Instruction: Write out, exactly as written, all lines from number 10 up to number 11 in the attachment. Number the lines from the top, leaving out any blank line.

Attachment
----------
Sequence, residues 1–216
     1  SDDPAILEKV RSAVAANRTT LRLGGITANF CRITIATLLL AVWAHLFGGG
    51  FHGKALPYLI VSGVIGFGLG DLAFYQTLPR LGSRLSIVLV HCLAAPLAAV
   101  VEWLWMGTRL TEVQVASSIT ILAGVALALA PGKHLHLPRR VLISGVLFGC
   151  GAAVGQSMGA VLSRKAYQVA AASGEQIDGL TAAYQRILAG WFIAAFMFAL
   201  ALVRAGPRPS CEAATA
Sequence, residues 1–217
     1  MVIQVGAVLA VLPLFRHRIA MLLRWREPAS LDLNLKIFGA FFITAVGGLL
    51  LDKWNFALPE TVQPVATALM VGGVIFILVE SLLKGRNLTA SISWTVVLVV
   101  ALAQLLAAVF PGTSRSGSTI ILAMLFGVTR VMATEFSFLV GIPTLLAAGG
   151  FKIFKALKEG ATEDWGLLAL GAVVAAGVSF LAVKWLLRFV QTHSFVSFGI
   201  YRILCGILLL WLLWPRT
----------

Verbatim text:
   101  ALAQLLAAVF PGTSRSGSTI ILAMLFGVTR VMATEFSFLV GIPTLLAAGG
   151  FKIFKALKEG ATEDWGLLAL GAVVAAGVSF LAVKWLLRFV QTHSFVSFGI